Auto leasing deals abound these days, with offers that often seem too good to be true.
How about a well-equipped Honda Accord for $250 a month with no down payment or any other drive-off fees? Or better yet, $199 a month for a Chevrolet Malibu?
So, what's the catch? There isn't any if you know what you're getting into.
There are always details. You need top-tier credit to qualify. You pay a penalty if you turn that Honda in with more than 36,000 miles. And the payment is not $250 a month because of that little matter of tax. It is more like $275, depending on where you live.
After driving into a ditch during the recession, auto leasing is back in a big way, with Toyota, Honda and others all battling for customers with enticing lease offerings.
But to get the best deal you need to learn the arcane art of the lease transaction. There's complicated lingo to understand and some basic steps to take.
Leasing can get you into a new car for less upfront money, but remember this: It is a long-term rental contract, not a purchase. At the end of the lease, you hand the keys back to the dealer and walk away, regardless of how much money you put into monthly payments and upkeep.
Before stepping into a showroom, get a good idea of how much you drive annually. Leases aren't for people who pile up the miles because they typically limit the use of a car to an average of 10,000 to 12,000 miles a year for the term of the contract. You will pay penalties if you turn in the car with more miles than allowed.
Now determine whether you are an auto flipper who yearns for the next hot vehicle about the time the new-car smell fades or you are the practical sort who puts 150,000 miles on a car even if the dashboard vinyl is cracked.
Beverly Rumfola of Whittier has leased her last three autos because "I like having a new car and I like having it always under warranty. Financially, it is better to buy a car and keep it for 10 years, but this works for us."
A customer service manager for a chemical company, Rumfola recently took advantage of Honda's specials to lease a new four-wheel-drive Accord Crosstour crossover vehicle to replace a Cadillac SRX that had reached the end of its lease term.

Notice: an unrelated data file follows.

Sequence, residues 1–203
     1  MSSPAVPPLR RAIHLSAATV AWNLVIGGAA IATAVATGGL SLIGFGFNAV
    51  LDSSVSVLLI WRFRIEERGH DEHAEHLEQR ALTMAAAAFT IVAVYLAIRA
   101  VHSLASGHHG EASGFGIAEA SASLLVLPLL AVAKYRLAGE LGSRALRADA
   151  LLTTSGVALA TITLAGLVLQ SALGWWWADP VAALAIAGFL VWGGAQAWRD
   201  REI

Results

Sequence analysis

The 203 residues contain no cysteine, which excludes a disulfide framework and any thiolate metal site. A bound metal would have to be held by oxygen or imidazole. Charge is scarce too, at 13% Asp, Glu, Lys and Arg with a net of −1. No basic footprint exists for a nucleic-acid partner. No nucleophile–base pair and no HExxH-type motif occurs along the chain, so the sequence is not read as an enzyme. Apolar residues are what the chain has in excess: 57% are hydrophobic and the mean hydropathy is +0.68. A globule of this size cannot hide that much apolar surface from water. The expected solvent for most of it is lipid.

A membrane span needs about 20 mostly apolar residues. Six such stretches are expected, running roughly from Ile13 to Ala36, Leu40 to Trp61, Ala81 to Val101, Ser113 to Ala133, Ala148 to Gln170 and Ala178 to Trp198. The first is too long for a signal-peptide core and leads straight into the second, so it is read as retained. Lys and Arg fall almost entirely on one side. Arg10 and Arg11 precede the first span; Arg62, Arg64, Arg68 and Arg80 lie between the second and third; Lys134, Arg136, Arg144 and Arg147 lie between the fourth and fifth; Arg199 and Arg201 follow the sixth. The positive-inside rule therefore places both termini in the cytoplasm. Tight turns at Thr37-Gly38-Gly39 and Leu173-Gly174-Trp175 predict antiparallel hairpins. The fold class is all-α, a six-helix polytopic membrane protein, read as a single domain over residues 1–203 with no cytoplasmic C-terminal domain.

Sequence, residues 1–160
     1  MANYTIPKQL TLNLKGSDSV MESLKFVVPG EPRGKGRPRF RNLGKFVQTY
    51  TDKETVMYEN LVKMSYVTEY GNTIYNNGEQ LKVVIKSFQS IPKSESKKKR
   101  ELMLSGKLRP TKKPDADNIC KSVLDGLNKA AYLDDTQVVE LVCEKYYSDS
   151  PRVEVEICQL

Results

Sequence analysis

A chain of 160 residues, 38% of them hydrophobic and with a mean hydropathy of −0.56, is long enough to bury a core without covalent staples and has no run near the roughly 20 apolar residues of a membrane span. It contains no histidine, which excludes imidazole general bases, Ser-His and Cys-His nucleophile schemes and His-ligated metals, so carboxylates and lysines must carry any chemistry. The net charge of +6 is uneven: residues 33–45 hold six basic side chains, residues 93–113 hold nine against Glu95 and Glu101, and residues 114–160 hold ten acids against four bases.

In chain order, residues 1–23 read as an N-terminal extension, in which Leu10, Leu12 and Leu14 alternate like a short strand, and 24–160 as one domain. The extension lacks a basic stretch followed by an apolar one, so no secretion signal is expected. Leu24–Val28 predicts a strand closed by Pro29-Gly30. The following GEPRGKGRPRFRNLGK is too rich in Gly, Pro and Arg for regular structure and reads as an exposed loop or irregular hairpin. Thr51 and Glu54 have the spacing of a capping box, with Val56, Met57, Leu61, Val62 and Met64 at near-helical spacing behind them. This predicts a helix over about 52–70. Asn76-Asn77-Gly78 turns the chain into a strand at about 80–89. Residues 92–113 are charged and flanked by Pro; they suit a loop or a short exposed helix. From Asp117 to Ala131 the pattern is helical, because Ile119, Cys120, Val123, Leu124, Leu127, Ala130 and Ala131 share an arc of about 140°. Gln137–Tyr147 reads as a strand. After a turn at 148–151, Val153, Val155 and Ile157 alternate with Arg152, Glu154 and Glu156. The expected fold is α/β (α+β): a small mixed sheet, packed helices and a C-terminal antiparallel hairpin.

"It has room for the dogs and plenty of seating room," Rumfola said of her new ride. "It sits higher than a regular sedan. I really love it."
At the other end of the spectrum is Michael Pranivong, a computer programmer from Fort Worth, Texas, who recently decided against a lease after checking out deals for a new Lexus IS 250 sports sedan he was looking at to replace his 1999 BMW 328, which has 145,000 miles on the odometer.
With a lease, "you really have to watch your miles," Pranivong said. And he was concerned about charges he could incur if he put a lot of wear and tear on the car.
Next step for the prospective lessee: Decide what type of vehicle you want. Is it a luxury sports sedan like a BMW 5 series? A mid-size family vehicle such as the Ford Fusion? Or a practical, fuel-efficient transport and hauler such as the Honda Element?
Test-drive several vehicles in the class you are considering to determine what you like and how you would like it equipped. Read reviews at consumer-friendly publications and websites such as Consumer Reports, Edmunds.com and Kelley Blue Book to learn what the experts are saying.
Resist the urge to drive a car and immediately sign a contract. Patience and research can save you hundreds to thousands of dollars over the term of the lease.
Now that you have a target vehicle and its options, go to the manufacturer's website and see if there are any special deals on the vehicle. Don't waste time going back to the showroom.
From here there are two ways to go. The simplest is to use the advertised lease deal offered by the manufacturer and compare multiple dealers to see who might go lower. E-mail or call the Internet or fleet managers at four or five dealerships. They have more negotiating power than the typical salesperson and are used to dealing with buyers remotely.
For example, in the case of the Honda Accord, ask if they can do the deal for $250 a month, including taxes. That change would save you about $800 over the term of a three-year lease. And, if you talk down one dealer, take that offer and call or e-mail the others again to see if they'll beat it. Be sure your list includes some high-volume dealers.
When all but one drops out, you probably have a good deal.
"It is the last vestiges of horse trading," said Larry Katzke, an incentives manager at American Honda Motor Co.
When you compare bids make sure that the monthly payment, length of the lease, drive-off cost (if any) and number of miles allowed over the contract term are the same, said Philip Reed, senior consumer advice editor for Edmunds.com. Dealers should provide a worksheet with this information.
A change in any one of those variables means you are no longer comparing apples to apples, and that could cost you money, he said.